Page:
Kristin DeBoer: Can the Valley be resilient to climate change?
AMHERST — There are lots of people who don’t worry that much about the future of life on Earth. I used to be one of them. Everyone needs time to enjoy today without fretting about tomorrow. However, like most environmentalists, I worry now — a lot.
What is there to worry about globally? I worry that population growth and sprawl is overwhelming wild places; that deforestation undermines subsistence villages; that more frequent floods are eroding topsoil; that droughts are exacerbating famine; that too many species are on the edge of extinction. The list goes on… but most of all, I worry about catastrophic climate change and its potentially debilitating impact on future generations of people and wildlife.
Locally, I don’t worry as much about the Connecticut River Valley. This is a place where it is possible to live well and relax, just a little. It is a place where culture seems more in balance with nature than at odds. The fact that this area is a great place to live is a result of good fortune and good planning. For starters, we have fertile farmland, verdant forests and abundant waterways, which attracted the region’s first settlers and still provide us with access to local food and clean water, two basic necessities that we can no longer take for granted in a changing climate.
It is good fortune that the Valley has some of the best agricultural soils in the world. It is good planning that landowners and conservationists work together to permanently preserve this farmland. With additional foresight, protected farmland could set the stage for a sustainable regional food system. According to the New England Food Vision 2060 developed by professor Brian Donahue at Brandeis University, New England could grow at least one-half of its food within the region to help maintain a diverse and healthy diet.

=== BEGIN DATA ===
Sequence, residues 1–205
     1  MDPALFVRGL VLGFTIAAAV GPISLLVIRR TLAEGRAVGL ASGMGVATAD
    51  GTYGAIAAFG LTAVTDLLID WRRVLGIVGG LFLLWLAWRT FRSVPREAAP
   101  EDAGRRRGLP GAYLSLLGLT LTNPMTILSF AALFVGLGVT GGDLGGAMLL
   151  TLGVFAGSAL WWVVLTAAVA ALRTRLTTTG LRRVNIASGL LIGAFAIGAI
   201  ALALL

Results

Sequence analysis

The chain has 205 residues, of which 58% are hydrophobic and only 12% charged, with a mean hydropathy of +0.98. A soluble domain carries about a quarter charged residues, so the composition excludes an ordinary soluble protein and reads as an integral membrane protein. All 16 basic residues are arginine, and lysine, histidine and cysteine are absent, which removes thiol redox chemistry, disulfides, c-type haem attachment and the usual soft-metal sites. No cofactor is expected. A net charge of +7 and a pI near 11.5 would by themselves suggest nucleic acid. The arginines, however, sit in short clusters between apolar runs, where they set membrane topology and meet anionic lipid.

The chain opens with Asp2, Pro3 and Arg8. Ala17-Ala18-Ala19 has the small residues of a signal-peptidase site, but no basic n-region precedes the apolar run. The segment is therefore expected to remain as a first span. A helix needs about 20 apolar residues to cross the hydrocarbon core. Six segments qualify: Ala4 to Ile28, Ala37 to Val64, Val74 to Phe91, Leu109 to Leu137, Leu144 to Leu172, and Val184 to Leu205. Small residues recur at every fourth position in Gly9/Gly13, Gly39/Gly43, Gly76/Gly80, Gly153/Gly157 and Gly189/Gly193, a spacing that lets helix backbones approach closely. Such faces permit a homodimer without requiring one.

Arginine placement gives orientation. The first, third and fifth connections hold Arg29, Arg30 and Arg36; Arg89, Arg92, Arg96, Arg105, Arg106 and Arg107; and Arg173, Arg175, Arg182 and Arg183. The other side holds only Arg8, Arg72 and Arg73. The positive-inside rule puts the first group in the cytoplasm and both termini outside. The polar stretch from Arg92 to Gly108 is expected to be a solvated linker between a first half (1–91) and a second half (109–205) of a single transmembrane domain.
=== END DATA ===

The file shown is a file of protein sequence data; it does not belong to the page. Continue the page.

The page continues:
This vision would require a tripling of the acres under agriculture throughout New England. The Valley, with its productive floodplain farms and innovative Hilltown farms, could be an important part of this transition to expand farmland in order to ensure food security in an unstable climate.
It is good fortune that our Valley’s forests are still relatively intact. It is good planning that these woodlands are protected for drinking water, to create public conservation areas and for sustainable forestry. With additional science-based planning, protected forests could also help wildlife respond to climate change. The new Resilient Landscapes Initiative, led by the Open Space Institute, a conservation organization and think tank in New York, and based on research done by the Nature Conservancy is identifying which Northeast landscapes will be the most “resilient” — defined by ecologists as the ability to respond to a disturbance by resisting damage and recovering quickly.
It turns out that our region’s Hilltowns are one of the “best bets” for permanent conservation to provide opportunities for wildlife to adapt to a changing world.
The concept of resiliency suggests that the more varied, complex and connected the landscape, the more likely it will support the greatest diversity of plants and wildlife, regardless of how the climate changes. By protecting Hilltown forests, from Leverett to Westhampton, we not only ensure our own access to clean water and open space, we can give wildlife a fighting chance as well.
Finding a way to actually solve the climate crisis is a tall order. There are many ambitious initiatives, like 350.org, a global grassroots movement, that are building our collective willpower to curb the world’s appetite for energy in order to shrink our carbon footprint. That work is critical, but it is not enough.
Land conservationists can respond to climate change by permanently conserving the land that matters most to both people and wildlife. Climate change is a big worry globally and locally, but instead of being overwhelmed, we can use the idea of resilience to empower ourselves to prepare.
The Valley’s forests and farmland could give us the capacity to adapt to changes in the future if we protect the land now and treat it well.
Kristin DeBoer has been working in the environmental movement for 25 years. Since 2006, she has served as the executive director of Kestrel Land Trust, a nonprofit regional land trust dedicated to conserving land that sustains the quality of life and ecological integrity of the Connecticut River Valley.